Negotiating local versus global needs in the International Long Term Ecological Research Network's socio-ecological research agenda

J. M. Holzer, M. C. Adamescu, F. J. Bonet-García, R. Díaz-Delgado, J. Dick, J. M. Grove, R. Rozzi, D. E. Orenstein

Research output: Contribution to journalArticlepeer-review


Over the past decade, long-term socio-ecological research (LTSER) has been established to better integrate social science research and societal concerns into the goals and objectives of the International Long-Term Ecological Research (ILTER) network, an established global network of long-term ecological monitoring sites. The Horizon 2020 eLTER project, currently underway, includes as one of its key objectives to evaluate the performance of LTSER platforms. This article reflects part of this evaluation: six LTSER platforms were assessed through site visits of the lead author, coupled with reflections and insights of the platform managers, who are also co-authors. We provide background for the mission and goals of LTSER, then assess the six international LTSER platforms - Baltimore Ecosystem Study LTER, USA; Braila Island LTSER, Romania; Cairngorms LTSER, UK; Doñana LTSER, Spain; Omora Ethnobotanical Park Cape Horn LTER, Chile; and Sierra Nevada LTSER, Spain. While based on a strong theoretical foundation in socio-ecological research, there has been a steep learning curve for scientists applying the concept in practice at LTSER platforms. We show positive impacts that have been achieved, including contributions to policy, land-use planning, and natural resource management. We explain key aspects of LTSER platforms that have proven challenging, including management, interdisciplinary integration, and stakeholder collaboration. We characterize the tensions between top-down desires for network harmonization, bottom-up demands such as local policy relevance, and platform-level constraints such as time and budget. Finally, we discuss challenges, such as local context dominating the character of LTSER platforms, and the fact that scientists are often disincentivized from engaging in transdisciplinary science. Overall, we conclude that while the international network offers important advantages to its members, a more productive balance between local and global goals could be achieved, and members may need to temper their expectations of what the network can and cannot offer at the local level.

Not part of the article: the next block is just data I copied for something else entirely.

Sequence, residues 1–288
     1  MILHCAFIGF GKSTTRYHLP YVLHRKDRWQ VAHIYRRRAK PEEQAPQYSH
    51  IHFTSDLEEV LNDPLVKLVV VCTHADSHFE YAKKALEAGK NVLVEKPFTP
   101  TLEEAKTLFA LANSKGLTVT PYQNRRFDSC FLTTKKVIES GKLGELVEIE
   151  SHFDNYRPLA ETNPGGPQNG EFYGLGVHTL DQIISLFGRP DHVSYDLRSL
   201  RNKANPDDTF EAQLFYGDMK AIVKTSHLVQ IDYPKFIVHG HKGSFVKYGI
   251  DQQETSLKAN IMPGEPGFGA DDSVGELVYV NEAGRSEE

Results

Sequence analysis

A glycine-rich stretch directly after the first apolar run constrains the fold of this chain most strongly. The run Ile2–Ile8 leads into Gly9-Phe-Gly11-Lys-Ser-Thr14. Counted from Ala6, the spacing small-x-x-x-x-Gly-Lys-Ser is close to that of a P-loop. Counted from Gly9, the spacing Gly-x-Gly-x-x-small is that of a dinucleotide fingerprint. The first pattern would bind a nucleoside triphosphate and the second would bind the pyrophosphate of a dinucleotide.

Original languageEnglish
Article number105003
JournalEnvironmental Research Letters
Issue number10
StatePublished - 5 Oct 2018


  • global research infrastructure
  • long-term ecological research
  • long-term socio-ecological research
  • network
  • sustainability
  • transdisciplinary

All Science Journal Classification (ASJC) codes

  • Renewable Energy, Sustainability and the Environment
  • Environmental Science(all)
  • Public Health, Environmental and Occupational Health


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